Temporal and spatial resolution of the finite element model is critical for the convergence of these numerical results. Choosing an adequate integration time step is very important for the accuracy of the solution. In general, the accuracy of the model can be increased with increasingly smaller integration time steps. With too long time steps, the high frequency components are not resolved accurately enough. On the other hand, too small time steps are a waste of computing time, therefore, a compromise must be found (Wang et al., 2009).

where f_{max} is the highest frequency of interest. But when the rise time of the laser pulse is in the order of nanosecond, a time step in Eq. (14) might not provide sufficient temporal resolution. The time step has to decrease to (15):

Thus, the time step can be determined by estimating the highest frequency of the laser-generated ultrasound waves. Also, the needed time step can alternatively be related to the time the fastest possible wave needs to propagate between successive nodes in the mesh.

The elements in mechanical analysis are defined by four nodes with two degrees of freedom at each node in cylindrical coordinate system. In general, the rule of element size is that there are more than 10 nodes in a wavelength. To ensure the propagation of energy between two successive nodes in the mesh, the element length should be fine enough, so the propagating waves are spatially resolved. The recommendation can be expressed as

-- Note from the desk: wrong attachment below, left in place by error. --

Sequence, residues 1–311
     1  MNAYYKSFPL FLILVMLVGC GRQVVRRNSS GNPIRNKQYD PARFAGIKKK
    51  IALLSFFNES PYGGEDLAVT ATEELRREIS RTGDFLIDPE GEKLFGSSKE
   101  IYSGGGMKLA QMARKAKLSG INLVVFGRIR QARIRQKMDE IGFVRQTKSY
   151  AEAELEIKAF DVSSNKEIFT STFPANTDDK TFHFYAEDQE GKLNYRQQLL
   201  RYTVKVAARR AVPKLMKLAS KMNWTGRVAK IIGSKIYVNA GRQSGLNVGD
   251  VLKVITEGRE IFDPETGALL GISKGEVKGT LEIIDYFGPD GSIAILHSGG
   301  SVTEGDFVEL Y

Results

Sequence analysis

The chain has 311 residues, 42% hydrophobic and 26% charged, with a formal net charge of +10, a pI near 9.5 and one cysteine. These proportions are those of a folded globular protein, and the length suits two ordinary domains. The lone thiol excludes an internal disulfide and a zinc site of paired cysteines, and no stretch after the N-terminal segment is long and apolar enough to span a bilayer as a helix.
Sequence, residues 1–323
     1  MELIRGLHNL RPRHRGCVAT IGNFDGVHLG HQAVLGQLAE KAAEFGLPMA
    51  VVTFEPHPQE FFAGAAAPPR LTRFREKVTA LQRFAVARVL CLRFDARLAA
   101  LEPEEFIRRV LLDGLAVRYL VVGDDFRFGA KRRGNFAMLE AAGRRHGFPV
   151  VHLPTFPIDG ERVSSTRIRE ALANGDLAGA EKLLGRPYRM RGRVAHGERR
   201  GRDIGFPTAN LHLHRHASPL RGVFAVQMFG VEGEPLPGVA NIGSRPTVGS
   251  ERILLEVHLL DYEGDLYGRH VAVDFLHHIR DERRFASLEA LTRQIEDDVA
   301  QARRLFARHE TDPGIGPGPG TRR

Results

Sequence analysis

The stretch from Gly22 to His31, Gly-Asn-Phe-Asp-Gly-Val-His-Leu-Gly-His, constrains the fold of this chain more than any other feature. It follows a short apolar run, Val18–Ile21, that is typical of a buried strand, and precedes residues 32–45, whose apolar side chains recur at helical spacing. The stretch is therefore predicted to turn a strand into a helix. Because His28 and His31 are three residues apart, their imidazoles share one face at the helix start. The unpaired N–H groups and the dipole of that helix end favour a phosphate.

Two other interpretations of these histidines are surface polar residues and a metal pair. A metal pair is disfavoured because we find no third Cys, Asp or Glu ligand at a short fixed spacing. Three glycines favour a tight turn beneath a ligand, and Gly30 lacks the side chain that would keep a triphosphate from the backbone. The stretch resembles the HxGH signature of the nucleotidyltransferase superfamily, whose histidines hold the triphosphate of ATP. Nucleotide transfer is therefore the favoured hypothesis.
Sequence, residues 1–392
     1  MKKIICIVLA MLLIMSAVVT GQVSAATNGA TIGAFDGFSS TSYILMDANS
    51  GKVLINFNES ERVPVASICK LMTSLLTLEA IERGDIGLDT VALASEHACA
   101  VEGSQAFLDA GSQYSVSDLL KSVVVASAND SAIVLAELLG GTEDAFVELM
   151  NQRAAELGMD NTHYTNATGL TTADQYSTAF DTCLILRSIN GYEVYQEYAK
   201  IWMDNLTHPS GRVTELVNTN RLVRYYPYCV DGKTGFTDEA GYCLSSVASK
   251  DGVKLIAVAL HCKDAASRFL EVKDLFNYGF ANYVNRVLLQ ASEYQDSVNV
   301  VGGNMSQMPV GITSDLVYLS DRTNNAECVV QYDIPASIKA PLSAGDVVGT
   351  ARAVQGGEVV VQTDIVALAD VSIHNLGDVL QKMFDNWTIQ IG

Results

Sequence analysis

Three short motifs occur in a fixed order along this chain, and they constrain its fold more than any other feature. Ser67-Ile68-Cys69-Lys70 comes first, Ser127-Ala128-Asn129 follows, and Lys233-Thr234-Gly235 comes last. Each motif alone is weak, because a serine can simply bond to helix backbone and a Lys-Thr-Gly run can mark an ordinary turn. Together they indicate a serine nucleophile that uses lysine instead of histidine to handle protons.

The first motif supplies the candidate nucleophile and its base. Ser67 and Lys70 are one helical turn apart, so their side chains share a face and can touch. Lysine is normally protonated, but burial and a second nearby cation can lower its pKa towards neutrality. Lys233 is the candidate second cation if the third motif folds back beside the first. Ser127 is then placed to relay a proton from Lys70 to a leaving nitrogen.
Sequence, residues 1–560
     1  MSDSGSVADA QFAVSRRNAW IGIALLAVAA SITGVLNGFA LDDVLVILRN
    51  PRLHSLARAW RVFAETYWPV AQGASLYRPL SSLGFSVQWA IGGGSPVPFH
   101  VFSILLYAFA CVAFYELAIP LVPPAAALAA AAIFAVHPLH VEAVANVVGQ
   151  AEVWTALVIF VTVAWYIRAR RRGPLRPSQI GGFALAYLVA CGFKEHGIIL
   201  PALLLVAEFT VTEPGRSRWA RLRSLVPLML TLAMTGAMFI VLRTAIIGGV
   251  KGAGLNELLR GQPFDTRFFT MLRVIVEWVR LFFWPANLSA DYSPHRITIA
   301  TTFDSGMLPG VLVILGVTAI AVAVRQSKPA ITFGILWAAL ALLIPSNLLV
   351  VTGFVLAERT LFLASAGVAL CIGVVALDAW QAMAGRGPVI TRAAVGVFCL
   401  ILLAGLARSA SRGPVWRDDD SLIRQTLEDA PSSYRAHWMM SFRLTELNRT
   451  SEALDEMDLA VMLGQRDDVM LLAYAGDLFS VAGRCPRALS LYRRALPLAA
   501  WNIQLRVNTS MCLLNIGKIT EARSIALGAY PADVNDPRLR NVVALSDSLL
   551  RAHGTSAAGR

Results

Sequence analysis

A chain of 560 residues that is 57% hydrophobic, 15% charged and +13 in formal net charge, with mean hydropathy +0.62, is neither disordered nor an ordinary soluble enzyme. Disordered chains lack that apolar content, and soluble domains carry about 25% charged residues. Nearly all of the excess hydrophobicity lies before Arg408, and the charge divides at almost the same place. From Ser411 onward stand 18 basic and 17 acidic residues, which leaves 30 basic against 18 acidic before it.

where l_{e} is the element length and λ_{min} is the shortest wavelength of interest (Wang et al., 2009).

The finite element mesh arrangement is shown in Figure 2. The finite element meshes are much finer near the heat-affected zone (5μm), in order to obtain the transient temperature field in a very accurate way and in the far field the element length is 100μm. Also, in order to avoid reflected waves in the specimen, at the right side of the specimen and bottom of it have been used infinite elements.

**4 NUMERICAL SIMULATIONS AND RESULTS**

**4.1 Laser and material parameters**

Based on the above-described theories, the thermoelastically generated waves are calculated in circular aluminum plate with 4 cm radius and 1 cm thickness. The laser energy (Peak Energy) is 13.5 mJ and the rise time t_{0} and the radius of the pulsed laser spot r_{0} on the sample surface are taken to be 10ns, 15ns and 300μm, 500μm respectively. The minimum element size near the affected zone is 5μm, whereas the element size outside the heat- affected zone is 100μm. In addition, the time step was assumed to be 4ns in calculation. The influence of the rise time and the pulsed laser spot on the ultrasound waves has been investigated.

The mechanical property of pure aluminum at room temperature (300K) used in the simulation is listed in Table 1.

The temperature dependence of the thermal conductivities of aluminum can be expressed as (Shen et al. 2004)